Chambers, the lawyer in her civil suit, Michael David, and the attorney appointed to represent her in the criminal case, Michael Cibella, did not respond to requests for comment by the time of publication.

The defense team has repeatedly moved to dismiss the case, and most recently had sought to replace the Brooklyn District Attorney with a special prosecutor.

The Brooklyn DA’s office has resisted calls to dismiss the charges. But in recent days, tensions between Chambers and prosecutors have escalated. For one thing, because Chambers has taken the unusual course of pursuing a civil suit before the criminal case has resolved, there is an enormous amount of sworn testimony from the civil suit for which she’s answerable in the criminal case.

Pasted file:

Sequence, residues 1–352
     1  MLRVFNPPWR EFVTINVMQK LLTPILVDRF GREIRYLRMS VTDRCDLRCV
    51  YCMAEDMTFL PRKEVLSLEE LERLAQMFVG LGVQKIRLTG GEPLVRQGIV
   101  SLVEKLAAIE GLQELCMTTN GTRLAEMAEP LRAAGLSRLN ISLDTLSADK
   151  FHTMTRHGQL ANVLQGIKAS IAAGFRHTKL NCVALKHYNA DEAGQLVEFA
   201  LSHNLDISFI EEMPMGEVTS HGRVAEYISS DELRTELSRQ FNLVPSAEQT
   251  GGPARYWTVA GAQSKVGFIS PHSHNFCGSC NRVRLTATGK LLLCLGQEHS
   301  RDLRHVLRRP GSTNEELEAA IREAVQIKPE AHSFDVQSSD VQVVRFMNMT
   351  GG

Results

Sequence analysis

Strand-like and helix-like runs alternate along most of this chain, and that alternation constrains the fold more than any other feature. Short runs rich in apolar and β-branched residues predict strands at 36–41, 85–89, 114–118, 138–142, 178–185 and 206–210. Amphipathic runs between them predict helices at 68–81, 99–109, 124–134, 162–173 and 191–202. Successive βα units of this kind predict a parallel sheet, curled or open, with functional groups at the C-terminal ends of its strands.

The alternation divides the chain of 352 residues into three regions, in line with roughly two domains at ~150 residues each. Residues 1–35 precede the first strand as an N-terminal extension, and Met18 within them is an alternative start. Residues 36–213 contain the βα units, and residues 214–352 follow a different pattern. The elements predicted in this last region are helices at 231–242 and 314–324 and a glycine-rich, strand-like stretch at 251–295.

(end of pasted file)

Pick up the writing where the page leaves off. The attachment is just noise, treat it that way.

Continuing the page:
This mounting list of other evident falsehoods and perjury, including her contention, after a long series of other explanations, that photos of her handcuff injuries had mysteriously been deleted from the Google Photos cloud, led prosecutors to seriously reevaluate whether they could put her on the stand.

At the same time, Chambers was publicly souring on the DA’s office, tweeting on Tuesday that “DA team is trying to flip things on me and accuse me of perjuring due to inconsistencies i made while traumatized. My state representative DAs are corrupted and are trying to defend the thin blue line.” Prosecutors began to worry that they couldn’t drop the charges they needed Chambers’s testimony to prove without looking like they were punishing her for bad-mouthing them.